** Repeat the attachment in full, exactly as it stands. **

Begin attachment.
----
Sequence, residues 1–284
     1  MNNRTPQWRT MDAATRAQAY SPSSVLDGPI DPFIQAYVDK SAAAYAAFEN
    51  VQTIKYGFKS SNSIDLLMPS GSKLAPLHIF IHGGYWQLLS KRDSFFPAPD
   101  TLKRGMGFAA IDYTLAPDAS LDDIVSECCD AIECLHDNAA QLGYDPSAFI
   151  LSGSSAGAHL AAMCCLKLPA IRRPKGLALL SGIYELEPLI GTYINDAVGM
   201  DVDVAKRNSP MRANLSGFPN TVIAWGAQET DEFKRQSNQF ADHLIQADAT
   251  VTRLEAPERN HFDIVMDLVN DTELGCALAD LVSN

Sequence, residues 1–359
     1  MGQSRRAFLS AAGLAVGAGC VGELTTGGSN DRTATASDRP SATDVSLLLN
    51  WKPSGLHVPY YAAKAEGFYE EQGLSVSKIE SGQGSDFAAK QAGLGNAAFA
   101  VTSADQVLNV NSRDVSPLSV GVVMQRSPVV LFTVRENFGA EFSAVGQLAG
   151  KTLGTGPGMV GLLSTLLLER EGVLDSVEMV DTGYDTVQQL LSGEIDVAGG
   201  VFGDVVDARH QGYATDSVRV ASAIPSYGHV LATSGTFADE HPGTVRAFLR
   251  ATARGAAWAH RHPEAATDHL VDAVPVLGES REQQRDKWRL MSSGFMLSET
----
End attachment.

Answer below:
Sequence, residues 1–284
     1  MNNRTPQWRT MDAATRAQAY SPSSVLDGPI DPFIQAYVDK SAAAYAAFEN
    51  VQTIKYGFKS SNSIDLLMPS GSKLAPLHIF IHGGYWQLLS KRDSFFPAPD
   101  TLKRGMGFAA IDYTLAPDAS LDDIVSECCD AIECLHDNAA QLGYDPSAFI
   151  LSGSSAGAHL AAMCCLKLPA IRRPKGLALL SGIYELEPLI GTYINDAVGM
   201  DVDVAKRNSP MRANLSGFPN TVIAWGAQET DEFKRQSNQF ADHLIQADAT
   251  VTRLEAPERN HFDIVMDLVN DTELGCALAD LVSN

Sequence, residues 1–359
     1  MGQSRRAFLS AAGLAVGAGC VGELTTGGSN DRTATASDRP SATDVSLLLN
    51  WKPSGLHVPY YAAKAEGFYE EQGLSVSKIE SGQGSDFAAK QAGLGNAAFA
   101  VTSADQVLNV NSRDVSPLSV GVVMQRSPVV LFTVRENFGA EFSAVGQLAG
   151  KTLGTGPGMV GLLSTLLLER EGVLDSVEMV DTGYDTVQQL LSGEIDVAGG
   201  VFGDVVDARH QGYATDSVRV ASAIPSYGHV LATSGTFADE HPGTVRAFLR
   251  ATARGAAWAH RHPEAATDHL VDAVPVLGES REQQRDKWRL MSSGFMLSET